A subsequent blog post will discuss Second Amendment issues.

[vi] Ibid.

Fiscal Cliff Solution November 2012

November 17, 2012 by

Paul Krugman, in his “Let’s Not Make A Deal” column of the November 8, 2012 New York Times, implored the President to hang tough and not agree to an extension of the Bush era tax cuts for the “wealthy”, which the President defines as married couples making more than $250,000 a year.  On principle, I agree with Prof. Krugman.  However, there is room to compromise without selling out the voters.

Speaker Boehner said after the election that he does not want to raise tax rates because he does not want to hurt small businesses.  But we know that many unincorporated businesses are not really small, including giant construction companies (such as Bechtel) and hedge funds.   The President has proposed to reduce the corporate tax rate while also eliminating loopholes in the tax code that allow many corporations to pay a much lower effective tax rate that the top nominal corporate tax rate.  Companies like Bechtel should incorporate and pay that reduced corporate tax rate.  Hedge fund managers should no longer be shielded from taxes by the “carried interest” provision.

In our town, there are many people running small businesses, and many of those small businesses are incorporated.  There must be a way to protect small businesses that are not incorporated, while at the same time raising the rates for households making more than $250,000.  For example, the tax code could define a new category of small business that allows a lower tax rate (equal to the corporate tax rate) for businesses that employ fewer than 20 people. Perhaps only retained earnings would be eligible for the lower tax rate.  Or perhaps the proprietor would be allowed to declare that a certain amount of earning per employee (say $5,000 or $10,000 per employee) would be taxed at the lower tax rate.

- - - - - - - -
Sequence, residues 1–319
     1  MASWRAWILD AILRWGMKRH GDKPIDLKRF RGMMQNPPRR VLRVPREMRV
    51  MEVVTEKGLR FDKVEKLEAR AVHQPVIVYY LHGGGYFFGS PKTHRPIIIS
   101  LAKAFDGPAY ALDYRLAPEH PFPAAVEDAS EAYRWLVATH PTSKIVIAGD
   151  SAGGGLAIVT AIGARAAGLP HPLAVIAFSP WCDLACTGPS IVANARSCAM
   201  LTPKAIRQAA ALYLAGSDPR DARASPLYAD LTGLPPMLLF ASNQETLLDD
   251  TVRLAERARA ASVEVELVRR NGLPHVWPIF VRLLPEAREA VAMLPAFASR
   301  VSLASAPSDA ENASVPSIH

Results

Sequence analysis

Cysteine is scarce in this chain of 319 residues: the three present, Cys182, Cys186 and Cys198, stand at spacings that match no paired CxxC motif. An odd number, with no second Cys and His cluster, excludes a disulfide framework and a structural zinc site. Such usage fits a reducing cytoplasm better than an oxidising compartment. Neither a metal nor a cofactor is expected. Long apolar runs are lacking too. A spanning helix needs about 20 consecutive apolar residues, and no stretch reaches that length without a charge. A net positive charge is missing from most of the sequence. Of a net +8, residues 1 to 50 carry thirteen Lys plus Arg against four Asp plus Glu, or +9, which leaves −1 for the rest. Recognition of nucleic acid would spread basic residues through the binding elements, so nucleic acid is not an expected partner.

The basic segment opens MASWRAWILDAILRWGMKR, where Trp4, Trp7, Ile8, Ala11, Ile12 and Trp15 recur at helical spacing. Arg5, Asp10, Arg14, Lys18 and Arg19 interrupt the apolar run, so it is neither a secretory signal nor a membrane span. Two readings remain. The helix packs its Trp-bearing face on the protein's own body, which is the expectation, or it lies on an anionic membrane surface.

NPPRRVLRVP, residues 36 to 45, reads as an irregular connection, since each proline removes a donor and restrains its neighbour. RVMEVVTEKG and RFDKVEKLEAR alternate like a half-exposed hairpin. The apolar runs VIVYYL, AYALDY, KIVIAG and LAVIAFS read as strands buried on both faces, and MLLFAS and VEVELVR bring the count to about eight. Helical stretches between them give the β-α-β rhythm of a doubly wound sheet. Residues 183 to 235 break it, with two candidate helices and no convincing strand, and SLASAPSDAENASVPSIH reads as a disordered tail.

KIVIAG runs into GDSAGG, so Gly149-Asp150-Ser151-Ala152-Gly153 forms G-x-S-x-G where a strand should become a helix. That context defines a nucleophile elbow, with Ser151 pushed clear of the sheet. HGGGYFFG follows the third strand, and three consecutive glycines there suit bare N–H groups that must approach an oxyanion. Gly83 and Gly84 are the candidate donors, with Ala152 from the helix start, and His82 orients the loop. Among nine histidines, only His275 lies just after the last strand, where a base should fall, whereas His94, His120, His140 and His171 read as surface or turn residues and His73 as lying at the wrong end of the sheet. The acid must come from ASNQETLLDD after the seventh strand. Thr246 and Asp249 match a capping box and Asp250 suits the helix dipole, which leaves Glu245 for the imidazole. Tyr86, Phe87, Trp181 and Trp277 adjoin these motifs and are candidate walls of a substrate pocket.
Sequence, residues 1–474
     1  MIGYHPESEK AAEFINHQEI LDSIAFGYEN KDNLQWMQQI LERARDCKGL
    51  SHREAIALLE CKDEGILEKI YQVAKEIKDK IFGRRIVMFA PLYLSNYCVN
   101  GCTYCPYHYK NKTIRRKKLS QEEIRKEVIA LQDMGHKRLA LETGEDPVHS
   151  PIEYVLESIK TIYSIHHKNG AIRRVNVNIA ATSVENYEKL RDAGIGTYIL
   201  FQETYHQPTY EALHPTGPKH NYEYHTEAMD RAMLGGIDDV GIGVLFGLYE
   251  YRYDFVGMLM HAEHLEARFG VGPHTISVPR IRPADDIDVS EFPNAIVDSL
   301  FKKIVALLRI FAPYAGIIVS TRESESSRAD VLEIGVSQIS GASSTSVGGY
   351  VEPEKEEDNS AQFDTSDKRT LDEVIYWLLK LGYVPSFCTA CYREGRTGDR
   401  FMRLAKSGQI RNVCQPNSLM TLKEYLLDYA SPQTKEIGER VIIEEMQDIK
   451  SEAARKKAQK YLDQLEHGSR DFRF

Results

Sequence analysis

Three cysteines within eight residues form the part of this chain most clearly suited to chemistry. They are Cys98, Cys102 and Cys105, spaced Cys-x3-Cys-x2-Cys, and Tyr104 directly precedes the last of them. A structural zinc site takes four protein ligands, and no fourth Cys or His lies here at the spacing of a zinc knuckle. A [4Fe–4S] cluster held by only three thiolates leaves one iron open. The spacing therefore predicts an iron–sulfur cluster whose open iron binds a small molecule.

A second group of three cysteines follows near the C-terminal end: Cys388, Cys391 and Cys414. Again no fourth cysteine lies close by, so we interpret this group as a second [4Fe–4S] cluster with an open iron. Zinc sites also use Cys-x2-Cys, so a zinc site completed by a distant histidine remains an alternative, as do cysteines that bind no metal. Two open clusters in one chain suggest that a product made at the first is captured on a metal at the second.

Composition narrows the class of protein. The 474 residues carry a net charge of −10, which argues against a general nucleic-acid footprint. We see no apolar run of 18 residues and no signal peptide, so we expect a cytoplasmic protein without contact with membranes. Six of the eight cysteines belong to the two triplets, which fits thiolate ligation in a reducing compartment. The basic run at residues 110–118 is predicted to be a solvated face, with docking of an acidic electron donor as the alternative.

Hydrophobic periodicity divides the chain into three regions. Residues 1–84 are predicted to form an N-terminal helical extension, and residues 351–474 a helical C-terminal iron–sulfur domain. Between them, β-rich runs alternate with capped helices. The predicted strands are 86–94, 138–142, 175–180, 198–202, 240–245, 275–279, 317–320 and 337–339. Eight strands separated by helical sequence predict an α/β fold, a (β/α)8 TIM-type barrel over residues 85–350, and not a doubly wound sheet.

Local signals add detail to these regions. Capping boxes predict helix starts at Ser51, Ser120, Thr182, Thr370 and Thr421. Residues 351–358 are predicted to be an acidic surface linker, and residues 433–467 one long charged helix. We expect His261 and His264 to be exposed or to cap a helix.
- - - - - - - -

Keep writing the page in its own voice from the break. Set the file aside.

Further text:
When combined with a reduction in tax expenditures (“loopholes”), a small increase in tax rates on high-income households, but not small businesses filing under this new category, might generate enough additional revenue to satisfy the president as part of a grand bargain to gradually bring down the federal deficit.

Debt Ceiling-Deficit Reduction Talks

July 10, 2011 by

President Obama needs to start explaining to the American people what is at stake in the current negotiations between the Administration and the Congress on raising the debt ceiling.  Unless Congress raises the federal debt ceiling, the U.S. federal government will soon run out of money to pay its operating expenses and service its debt.  August 2 is the date, according to Treasury Secretary Timothy Geithner.  Republicans have been demanding drastic reductions in federal spending, with no increase in taxes of any kind, before they will approve an increase in the debt ceiling.